Is Robotic Surgery right for me?
The introduction of the da Vinci robot-assisted surgery for use in gynecologic surgery in the past few years has been of great benefit to many patients. It allows the use of a minimally invasive laparoscopic route to cases that would otherwise require an abdominal approach. In the field or reproductive surgery, this benefit most frequently pertains to the removal of uterine fibroids. In the past, the majority of fibroids could only be removed through laparotomy, or a large open incision. But with the use of robotic surgery, the vast majority of these procedures can be performed laparoscopically. This offers the patient a huge benefit. What usually required a 2-3 day hospital stay and 4-6 week recovery is now an outpatient procedure, with the patient going home the same day, and able to return to work in 7 days. There is significantly less blood loss, and less scar tissue formation around the uterus. Surgical outcomes are equal to those performed through an open procedure. With such great benefit, I strive to not perform on open procedure on patients. Even in very difficult settings, nearly all cases can be performed laparoscopically. The only cases which I consider laparotomy instead of a minimally invasive surgery is in those cases with large numbers of fibroids (more than 10), though even with large numbers, select cases may be robotic candidates. Fibroid size is not a limitation.
Another condition that can benefit from the use of robotic assistance is that of severe endometriosis. Particularly in the setting of pelvic pain, it is essential to remove all of the endometriosis. This can be done by standard laparoscopy, but if other organs such as intestines are involved, most surgeons under-treat the disease due to fear of injuring surrounding critical organs. Few surgeons treat it adequately due to the extended amount of time that such a surgery can take. The use of the da Vinci robotic system allows me to more thoroughly treat the disease, and perform a much more careful dissection around critical organs, and do all of this much faster than can be done by standard laparoscopy.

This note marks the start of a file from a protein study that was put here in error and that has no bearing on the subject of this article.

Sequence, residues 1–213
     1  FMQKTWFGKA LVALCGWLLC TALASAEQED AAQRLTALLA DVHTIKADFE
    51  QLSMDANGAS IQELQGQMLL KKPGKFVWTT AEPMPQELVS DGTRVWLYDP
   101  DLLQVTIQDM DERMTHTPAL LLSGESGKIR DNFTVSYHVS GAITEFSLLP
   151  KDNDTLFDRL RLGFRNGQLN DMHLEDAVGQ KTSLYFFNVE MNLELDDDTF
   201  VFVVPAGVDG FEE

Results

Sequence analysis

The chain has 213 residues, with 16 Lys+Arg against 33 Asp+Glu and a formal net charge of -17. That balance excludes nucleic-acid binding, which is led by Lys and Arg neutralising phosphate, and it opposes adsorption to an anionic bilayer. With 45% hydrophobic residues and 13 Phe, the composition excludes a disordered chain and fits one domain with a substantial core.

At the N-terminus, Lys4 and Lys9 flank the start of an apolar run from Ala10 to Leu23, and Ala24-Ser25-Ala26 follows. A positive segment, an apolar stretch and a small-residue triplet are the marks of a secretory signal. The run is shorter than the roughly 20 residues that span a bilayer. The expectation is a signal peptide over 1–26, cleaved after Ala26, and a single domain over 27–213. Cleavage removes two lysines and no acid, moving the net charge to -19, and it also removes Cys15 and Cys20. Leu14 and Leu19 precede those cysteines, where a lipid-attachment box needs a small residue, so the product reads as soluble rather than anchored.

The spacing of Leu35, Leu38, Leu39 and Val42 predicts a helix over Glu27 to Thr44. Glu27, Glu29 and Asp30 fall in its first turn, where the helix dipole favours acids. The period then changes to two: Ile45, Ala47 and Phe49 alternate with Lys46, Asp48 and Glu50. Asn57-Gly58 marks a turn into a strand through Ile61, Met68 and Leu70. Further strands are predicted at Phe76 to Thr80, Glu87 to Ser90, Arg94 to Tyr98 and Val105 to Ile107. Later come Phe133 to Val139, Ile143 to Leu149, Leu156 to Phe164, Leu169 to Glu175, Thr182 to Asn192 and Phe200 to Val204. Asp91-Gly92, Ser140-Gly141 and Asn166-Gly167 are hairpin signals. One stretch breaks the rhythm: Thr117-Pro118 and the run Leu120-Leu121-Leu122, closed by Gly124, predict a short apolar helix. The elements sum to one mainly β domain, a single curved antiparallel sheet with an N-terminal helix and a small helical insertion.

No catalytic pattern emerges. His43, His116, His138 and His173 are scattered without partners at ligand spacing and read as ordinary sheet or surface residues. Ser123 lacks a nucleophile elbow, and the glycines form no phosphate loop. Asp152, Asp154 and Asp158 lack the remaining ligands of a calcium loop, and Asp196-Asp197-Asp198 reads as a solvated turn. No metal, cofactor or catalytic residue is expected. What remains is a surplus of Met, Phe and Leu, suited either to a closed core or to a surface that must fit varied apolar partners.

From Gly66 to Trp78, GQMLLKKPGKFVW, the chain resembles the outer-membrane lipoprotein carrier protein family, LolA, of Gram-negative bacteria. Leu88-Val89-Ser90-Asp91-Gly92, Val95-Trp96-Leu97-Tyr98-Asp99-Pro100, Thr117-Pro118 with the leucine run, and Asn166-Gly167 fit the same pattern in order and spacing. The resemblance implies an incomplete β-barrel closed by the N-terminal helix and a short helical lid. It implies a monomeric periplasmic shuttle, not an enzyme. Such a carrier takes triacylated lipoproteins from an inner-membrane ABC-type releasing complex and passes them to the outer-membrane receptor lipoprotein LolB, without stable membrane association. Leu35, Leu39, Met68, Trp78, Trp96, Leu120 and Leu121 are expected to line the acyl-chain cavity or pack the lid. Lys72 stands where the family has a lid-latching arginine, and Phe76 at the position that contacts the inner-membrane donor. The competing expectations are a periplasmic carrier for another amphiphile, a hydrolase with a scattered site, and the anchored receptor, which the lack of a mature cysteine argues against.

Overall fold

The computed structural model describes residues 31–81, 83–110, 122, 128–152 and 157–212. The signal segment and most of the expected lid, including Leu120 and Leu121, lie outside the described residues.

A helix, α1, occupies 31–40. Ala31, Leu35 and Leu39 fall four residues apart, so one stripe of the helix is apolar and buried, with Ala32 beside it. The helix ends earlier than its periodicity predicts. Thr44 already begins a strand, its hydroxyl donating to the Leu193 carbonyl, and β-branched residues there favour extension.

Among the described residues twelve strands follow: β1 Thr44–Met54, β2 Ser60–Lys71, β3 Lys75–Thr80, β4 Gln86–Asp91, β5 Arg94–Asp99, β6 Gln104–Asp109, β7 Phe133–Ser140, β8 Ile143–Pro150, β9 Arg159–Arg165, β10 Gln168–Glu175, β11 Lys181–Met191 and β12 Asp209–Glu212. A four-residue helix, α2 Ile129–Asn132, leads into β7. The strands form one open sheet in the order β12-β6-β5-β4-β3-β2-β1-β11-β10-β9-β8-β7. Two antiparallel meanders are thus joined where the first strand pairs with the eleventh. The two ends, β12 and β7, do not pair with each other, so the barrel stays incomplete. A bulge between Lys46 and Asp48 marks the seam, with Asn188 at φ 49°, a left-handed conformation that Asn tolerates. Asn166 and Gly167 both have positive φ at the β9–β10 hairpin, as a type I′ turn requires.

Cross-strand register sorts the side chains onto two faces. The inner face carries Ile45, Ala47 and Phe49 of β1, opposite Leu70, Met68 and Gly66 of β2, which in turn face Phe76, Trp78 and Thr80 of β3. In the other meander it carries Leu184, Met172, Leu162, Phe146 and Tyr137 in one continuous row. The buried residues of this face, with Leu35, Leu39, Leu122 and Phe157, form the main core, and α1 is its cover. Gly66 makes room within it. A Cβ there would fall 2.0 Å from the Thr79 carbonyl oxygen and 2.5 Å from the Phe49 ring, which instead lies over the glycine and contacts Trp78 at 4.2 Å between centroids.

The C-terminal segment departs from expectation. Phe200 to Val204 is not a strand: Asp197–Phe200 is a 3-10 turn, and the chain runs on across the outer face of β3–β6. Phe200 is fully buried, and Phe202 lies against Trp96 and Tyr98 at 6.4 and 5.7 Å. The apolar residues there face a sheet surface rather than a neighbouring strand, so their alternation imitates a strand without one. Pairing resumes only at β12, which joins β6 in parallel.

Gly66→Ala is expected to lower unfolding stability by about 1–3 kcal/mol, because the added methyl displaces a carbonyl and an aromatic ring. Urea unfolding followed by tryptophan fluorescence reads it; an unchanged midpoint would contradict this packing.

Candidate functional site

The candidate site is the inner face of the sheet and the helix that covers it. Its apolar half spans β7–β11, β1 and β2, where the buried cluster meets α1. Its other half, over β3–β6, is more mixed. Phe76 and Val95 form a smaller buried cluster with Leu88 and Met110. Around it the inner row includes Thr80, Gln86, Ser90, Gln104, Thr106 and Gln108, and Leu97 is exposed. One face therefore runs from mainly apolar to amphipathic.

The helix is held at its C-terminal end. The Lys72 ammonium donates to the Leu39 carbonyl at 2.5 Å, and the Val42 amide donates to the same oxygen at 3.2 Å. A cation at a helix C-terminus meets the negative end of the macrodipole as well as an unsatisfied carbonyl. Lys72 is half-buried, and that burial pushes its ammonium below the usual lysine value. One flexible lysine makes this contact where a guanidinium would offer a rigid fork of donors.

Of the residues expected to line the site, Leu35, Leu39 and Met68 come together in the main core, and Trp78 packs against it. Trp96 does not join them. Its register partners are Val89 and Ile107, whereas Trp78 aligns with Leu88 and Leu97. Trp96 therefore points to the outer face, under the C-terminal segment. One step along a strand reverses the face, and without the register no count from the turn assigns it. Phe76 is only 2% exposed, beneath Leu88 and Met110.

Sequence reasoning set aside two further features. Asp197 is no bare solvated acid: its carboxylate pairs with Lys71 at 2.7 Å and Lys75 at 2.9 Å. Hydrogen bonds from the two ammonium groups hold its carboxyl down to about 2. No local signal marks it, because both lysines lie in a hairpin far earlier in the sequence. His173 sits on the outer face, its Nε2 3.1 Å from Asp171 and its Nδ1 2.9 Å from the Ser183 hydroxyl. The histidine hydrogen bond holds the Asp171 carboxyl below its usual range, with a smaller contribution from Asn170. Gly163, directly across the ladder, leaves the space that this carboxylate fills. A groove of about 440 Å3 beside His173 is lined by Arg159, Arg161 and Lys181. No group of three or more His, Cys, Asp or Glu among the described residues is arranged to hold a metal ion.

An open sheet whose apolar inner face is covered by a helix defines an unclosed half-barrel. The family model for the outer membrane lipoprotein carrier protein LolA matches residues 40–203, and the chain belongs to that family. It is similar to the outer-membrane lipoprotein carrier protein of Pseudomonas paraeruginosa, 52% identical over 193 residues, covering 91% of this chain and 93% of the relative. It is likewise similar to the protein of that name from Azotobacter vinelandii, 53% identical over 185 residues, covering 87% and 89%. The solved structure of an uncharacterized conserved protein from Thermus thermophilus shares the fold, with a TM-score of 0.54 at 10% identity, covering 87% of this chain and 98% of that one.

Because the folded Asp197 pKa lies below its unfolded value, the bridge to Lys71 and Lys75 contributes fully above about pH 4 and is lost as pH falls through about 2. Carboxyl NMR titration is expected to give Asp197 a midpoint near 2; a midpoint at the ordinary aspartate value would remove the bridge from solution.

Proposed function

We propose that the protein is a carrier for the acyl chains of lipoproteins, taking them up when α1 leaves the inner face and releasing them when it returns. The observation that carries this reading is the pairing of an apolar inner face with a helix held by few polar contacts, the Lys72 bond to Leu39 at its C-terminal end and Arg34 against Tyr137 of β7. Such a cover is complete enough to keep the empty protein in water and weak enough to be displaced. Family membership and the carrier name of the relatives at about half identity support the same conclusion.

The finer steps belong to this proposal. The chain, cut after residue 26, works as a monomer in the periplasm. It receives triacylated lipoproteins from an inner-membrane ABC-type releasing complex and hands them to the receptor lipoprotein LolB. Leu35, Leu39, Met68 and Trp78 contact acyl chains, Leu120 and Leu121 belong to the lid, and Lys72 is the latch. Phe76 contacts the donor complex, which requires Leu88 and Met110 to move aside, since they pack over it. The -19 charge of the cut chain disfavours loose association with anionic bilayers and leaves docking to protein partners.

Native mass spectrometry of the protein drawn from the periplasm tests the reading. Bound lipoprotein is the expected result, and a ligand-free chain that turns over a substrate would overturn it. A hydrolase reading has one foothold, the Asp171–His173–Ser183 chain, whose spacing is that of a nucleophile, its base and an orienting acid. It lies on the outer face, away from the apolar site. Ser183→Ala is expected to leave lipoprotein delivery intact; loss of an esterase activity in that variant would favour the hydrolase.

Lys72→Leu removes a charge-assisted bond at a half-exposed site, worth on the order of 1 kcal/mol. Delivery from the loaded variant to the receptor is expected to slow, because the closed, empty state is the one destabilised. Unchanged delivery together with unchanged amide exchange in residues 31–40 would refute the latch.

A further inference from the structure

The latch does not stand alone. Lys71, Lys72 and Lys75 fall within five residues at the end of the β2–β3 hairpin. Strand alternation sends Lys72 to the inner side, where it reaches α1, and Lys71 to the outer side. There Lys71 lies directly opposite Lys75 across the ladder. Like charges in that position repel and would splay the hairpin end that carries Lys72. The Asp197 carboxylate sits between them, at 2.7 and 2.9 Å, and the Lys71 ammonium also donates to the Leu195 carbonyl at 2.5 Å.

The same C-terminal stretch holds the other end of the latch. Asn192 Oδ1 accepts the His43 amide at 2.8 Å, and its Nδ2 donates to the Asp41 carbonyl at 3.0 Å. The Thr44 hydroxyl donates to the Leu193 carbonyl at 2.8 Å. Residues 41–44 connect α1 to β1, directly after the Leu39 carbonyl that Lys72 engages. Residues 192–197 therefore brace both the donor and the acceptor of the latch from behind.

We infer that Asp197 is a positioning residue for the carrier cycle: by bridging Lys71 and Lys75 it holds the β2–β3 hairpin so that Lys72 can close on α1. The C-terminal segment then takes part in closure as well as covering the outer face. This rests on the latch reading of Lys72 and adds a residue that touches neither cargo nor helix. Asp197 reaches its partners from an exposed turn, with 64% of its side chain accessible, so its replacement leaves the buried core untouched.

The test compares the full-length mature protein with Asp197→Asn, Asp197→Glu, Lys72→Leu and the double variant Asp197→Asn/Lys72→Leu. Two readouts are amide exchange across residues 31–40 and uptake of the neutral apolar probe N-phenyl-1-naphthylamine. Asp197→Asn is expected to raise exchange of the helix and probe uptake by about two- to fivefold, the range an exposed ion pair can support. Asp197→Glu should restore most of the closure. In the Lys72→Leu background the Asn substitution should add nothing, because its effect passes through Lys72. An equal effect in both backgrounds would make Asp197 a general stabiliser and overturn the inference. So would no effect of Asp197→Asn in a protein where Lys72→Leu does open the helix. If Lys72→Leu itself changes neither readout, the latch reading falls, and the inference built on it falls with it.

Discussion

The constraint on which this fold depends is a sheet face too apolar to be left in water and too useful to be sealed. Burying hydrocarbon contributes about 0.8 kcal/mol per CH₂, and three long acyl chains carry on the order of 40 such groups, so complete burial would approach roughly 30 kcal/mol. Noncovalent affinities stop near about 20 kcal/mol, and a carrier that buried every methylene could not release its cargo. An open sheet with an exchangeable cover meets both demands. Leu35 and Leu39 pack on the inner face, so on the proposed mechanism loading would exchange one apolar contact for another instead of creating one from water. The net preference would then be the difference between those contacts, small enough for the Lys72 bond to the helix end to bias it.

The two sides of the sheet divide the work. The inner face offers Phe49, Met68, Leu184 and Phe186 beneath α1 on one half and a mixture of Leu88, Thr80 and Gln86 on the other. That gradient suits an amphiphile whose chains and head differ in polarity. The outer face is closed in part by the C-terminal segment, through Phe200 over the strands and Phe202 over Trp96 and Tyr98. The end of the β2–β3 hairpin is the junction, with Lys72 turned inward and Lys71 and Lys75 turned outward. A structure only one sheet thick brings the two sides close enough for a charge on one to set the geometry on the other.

For women facing a hysterectomy, the use of robotic assistance allows for the performance of much more surgically challenging cases. These involve large fibroids, fibroids in difficult locations, endometriosis, and scar tissue. Well more than 90% of abdominal hysterectomies could and should be performed through a minimally invasive route.
You may ask, if this is of such benefit, why isn’t the procedure being done more often? There are several answers to this question. Many times, with general gynecologists, the patients aren’t truly given informed choices of their options. They are usually given the options that their physician can perform, but less often are they given other viable options. Many gynecologists lack the skills and/or training necessary to perform advanced laparoscopic surgery. Unfortunately, they often fail to consider what is in the best interest of the patient, as that may mean referring that patient to an advanced laparoscopic surgeon. Often, the patient may not know all of her options, or be told by the physician that it is not an option. These are situations in which doing your homework or seeking a second opinion can benefit you.
Is the robot necessary for these more difficult cases? No, as most of these above mentioned surgeries can be accomplished by a skilled laparoscopic surgeon. But with increasing complexity, comes the need for more advanced surgical skills, and longer operative times. To a skilled surgeon, the robot does expand what can be “easily” be done laparoscopically, which allows for a faster surgery, improving patient recovery.
If you might be facing a difficult surgery, and question whether the use of robotic assistance may benefit you, please call to arrange a meeting or phone consultation with Dr. Duffy